Recovery From Addiction Through Basic Mindfulness

Introduction

Currently, there is no clear consensus among health professionals in precisely defining addiction. Historically, it has been defined narrowly only in relation to psychoactive substances, such as alcohol, tobacco, and other drugs.

Increasingly in recent years, however, many dysfunctional behavioral patterns that are not specifically substance-based are viewed by many professionals also as “addictions.” Some common examples are addictions to: gambling, food, sex, pornography, computers, video games, watching TV, dieting, internet use, work, exercise, shopping, cutting/burning oneself, etc.

A common unifying theme with the victims of all of these disorders is how powerfully and repetitively they are internally driven to engage in the particular activity that defines their addiction.

There is, moreover, growing evidence from neuroscience research that the neurophysiology of ALL addictive disorders, whether substance-based or behavioral, is very similar in many ways. Endorphins (or endogenous morphine), for example, as well as key transmitter substances such as dopamine, epinephrine, and serotonin are common mediating factors in all of these disorders.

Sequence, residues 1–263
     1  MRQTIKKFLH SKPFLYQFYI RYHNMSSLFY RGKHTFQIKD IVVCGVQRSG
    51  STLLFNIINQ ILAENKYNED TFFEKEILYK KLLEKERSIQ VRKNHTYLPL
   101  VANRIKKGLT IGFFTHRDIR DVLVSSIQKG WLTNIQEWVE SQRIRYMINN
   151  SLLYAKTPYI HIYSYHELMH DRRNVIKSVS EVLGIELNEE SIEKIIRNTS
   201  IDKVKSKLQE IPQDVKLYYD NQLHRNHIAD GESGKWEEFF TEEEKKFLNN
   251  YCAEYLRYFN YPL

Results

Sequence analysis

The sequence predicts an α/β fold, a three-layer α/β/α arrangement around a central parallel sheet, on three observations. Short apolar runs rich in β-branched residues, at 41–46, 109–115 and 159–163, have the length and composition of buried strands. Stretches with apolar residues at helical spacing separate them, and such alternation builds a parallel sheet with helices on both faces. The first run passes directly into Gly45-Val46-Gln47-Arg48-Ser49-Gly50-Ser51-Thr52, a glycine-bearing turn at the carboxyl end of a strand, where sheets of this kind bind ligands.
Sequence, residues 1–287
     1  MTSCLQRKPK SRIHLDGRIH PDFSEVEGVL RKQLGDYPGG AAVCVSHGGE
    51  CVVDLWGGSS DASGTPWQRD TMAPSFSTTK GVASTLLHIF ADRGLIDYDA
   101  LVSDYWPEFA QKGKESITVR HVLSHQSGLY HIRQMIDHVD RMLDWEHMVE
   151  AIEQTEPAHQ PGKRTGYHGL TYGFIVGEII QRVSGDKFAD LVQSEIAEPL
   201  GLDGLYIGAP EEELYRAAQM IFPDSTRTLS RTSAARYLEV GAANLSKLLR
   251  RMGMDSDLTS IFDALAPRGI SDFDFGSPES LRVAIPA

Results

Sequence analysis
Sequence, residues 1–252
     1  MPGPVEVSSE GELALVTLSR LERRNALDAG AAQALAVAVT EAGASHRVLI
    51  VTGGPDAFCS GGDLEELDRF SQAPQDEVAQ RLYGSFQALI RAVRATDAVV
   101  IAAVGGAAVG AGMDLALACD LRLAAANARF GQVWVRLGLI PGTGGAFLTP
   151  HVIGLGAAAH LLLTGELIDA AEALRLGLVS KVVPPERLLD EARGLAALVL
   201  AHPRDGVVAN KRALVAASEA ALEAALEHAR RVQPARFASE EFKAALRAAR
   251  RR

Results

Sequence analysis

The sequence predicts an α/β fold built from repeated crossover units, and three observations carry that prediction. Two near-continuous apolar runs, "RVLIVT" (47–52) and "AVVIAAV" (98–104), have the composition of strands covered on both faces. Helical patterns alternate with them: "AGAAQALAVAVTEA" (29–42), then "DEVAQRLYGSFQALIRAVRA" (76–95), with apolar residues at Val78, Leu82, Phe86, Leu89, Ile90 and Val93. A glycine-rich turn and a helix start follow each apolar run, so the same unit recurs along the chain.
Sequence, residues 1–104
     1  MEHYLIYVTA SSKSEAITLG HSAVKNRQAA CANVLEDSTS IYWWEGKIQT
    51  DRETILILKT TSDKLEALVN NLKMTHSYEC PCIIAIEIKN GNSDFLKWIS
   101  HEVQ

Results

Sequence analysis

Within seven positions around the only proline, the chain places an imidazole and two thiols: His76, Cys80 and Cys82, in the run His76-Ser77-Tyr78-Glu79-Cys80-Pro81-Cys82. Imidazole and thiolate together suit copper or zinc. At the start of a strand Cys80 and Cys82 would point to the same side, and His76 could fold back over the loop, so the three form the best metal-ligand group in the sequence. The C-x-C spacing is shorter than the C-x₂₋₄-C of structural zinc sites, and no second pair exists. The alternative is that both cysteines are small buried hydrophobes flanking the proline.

The prevalence of these addictions in the modern world is staggeringly high. In the U.S. alone 15.1 million people are addicted to alcohol, 4 million to drugs, and over 20% of the population is still addicted to tobacco.

Although there is no reliable way to estimate the total prevalence of all the behavioral addictions, there is abundant evidence that they are extremely common. As a matter of fact, there are probably very few people alive today who are not subject to some form of addictive behavior.